On the positive side, it gave an outwardly look to the lake and surreal experience to the visitor like myself.
It was the first time I had ever come in physical contact with glacial ice. I’ve been on mountain tops before, but they’d always been covered with snow, or the ice had melted. This time I was able to touch, hold and examine actual glacial ice. My mind was a little blow by how solid the ice was! I finally understand why the ice didn’t just dissolve in the sunshine!
It was 26 degrees Celsius, everyone was in spring/summer clothes but everything around us was frozen. It just didn’t really make any sense visually.
There’s a beautiful hotel, the Fairmount Chateau, facing the lake which I can imagine one could stay for the full experience. It also means that the food selection there was a lot better than at Minnewanka. There is a restaurant style area where you can eat, but again, I took my own food along, which I happily consumed on a bench facing the lake.
After lunch, I embarked on the trail along the lake to the other side from whence the chateau can be observed in all its glory. Depending on how much water is in the lake, you can actually walk on the sandy (muddy) bank. People have created walking trails out of rocks but be careful not to get stuck in the mud. This is not suitable unless you’ve got the correct footwear.
It was at the end of the trail that I could touch rocks of ice and be baffled by them :)
The water looked so clean and clear that one could be tempted to drink from it. In fact, I saw a woman fill up a bottle with water coming down the mountain top in a stream. I can imagine that is safe to drink.
There are trails up the mountain from where you can get a better view of the area and, apparently, some coffee, but I had to catch my bus back to Banff town. This tour had a limited time in which to explore.
If you are interested in getting a truly breathtaking panoramic view of the Canadian Rockies in Banff, as well as the Bow Valley and River, then the Gondola trip is a must.
You need an entire day for this, because you need to take your time. There is also a lot of climbing, but it has been made easy by a wooden walkway with many resting places.
The station where the Gondola starts is only five minutes away from Banff town by public transport. I used the local bus which gives you a great view on the way up the hilly road.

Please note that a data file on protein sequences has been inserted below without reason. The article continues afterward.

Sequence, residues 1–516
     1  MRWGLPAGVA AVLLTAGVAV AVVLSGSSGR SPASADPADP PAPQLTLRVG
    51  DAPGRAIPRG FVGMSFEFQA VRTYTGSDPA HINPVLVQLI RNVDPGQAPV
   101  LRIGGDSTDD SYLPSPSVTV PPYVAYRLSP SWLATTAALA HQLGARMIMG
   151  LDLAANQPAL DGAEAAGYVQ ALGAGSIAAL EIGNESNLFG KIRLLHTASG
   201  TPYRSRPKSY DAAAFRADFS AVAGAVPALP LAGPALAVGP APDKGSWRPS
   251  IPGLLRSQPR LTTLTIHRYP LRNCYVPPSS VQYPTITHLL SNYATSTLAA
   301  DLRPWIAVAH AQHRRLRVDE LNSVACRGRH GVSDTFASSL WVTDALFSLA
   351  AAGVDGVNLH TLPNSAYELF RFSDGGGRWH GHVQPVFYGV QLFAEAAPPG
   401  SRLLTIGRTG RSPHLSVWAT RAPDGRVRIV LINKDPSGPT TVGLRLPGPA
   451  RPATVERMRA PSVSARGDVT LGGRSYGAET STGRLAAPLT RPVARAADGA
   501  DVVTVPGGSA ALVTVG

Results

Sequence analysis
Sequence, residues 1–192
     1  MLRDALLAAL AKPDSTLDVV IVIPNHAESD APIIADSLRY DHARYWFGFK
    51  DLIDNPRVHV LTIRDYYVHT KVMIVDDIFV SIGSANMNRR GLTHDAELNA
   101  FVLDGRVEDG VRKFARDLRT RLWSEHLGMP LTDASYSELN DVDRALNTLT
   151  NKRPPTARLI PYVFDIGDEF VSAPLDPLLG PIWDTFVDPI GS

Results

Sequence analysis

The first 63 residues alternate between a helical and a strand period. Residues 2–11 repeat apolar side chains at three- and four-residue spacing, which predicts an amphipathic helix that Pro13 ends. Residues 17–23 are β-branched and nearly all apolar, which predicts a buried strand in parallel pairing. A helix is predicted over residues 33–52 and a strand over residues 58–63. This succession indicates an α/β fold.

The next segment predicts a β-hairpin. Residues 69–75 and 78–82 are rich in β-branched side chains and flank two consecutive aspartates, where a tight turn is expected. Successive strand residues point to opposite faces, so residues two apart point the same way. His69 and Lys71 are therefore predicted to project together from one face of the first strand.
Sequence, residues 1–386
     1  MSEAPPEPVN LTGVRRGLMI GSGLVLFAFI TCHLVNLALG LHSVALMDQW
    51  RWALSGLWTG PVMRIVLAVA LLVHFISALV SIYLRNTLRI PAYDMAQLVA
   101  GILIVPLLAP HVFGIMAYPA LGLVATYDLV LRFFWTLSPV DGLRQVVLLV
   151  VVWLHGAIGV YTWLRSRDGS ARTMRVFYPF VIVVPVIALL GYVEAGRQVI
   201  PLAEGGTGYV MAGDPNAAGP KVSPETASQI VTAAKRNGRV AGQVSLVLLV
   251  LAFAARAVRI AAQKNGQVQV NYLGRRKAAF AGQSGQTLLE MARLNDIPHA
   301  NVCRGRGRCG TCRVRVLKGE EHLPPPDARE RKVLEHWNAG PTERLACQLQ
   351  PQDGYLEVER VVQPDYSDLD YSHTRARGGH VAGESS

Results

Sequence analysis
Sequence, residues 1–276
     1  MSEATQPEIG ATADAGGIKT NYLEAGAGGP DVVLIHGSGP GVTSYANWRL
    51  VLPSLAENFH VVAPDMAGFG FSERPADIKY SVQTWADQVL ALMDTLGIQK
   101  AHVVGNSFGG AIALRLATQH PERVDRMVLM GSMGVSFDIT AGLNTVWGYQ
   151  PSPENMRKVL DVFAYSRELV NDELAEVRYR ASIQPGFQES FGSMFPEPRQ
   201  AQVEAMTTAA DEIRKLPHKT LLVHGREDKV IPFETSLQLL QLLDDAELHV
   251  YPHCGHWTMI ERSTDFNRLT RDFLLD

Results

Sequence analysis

I’d been in gondolas before, but this was the highest I’d ever been in. You get a 360 degree view of your surroundings as you slowly rise above Banff National Park. If the weather is clear like the day I went, the mountains look simply spectacular!
The gondola takes you to the top of Sulphur Mountain where there’s a visitors centre with two restaurants and a shop. It also has some displays and information about the region, with fun things for children to play with. The summit is about 2281 km above sea level.
From the summit visitors centre, you can take a walk along the Banff Skywalk, which is about 1 km long up to the Sanson’s Peak Meteorological Observatory. The peak is named after Norman Sanson, who apparently in the 1900’s climbed up to the historical stone building to take weather measurements.Reference
The view were really stunning. I found myself taking longer breaks just to take in the amazing view. There were some sheep on the rocks, as well as squirrels and birds of different kinds. The clouds and mountains formed unbelievable patterns in the distance, while the rays of the sun beamed in different directions. It felt quite spiritual there.
After getting to Sanson’s Peak and taking the required photos, I head back to the Observatory, where I spotted those red chairs I’d seen at Minnewanka days before. I decided to take a seat there for a while and observe nature.
I was there till we were told the place was closing. The sun had started to set, and the skies had turned an orange colour, which was a real feast for the eyes. The ride down on the gondola was just as beautiful as on the way up.
I did do a few other things in Banff, including some mini trips. I may speak of them some day, but the above three were my favourite that I highly recommend. There was one lake I couldn’t make it to sadly. Maybe someday when I return to Banff, I will check that one out.
I hope you have enjoyed this post. I have one more post coming on Canada, but a much shorter one probably.
Peace and Love ✌🏿
All copy and photos are original content by me.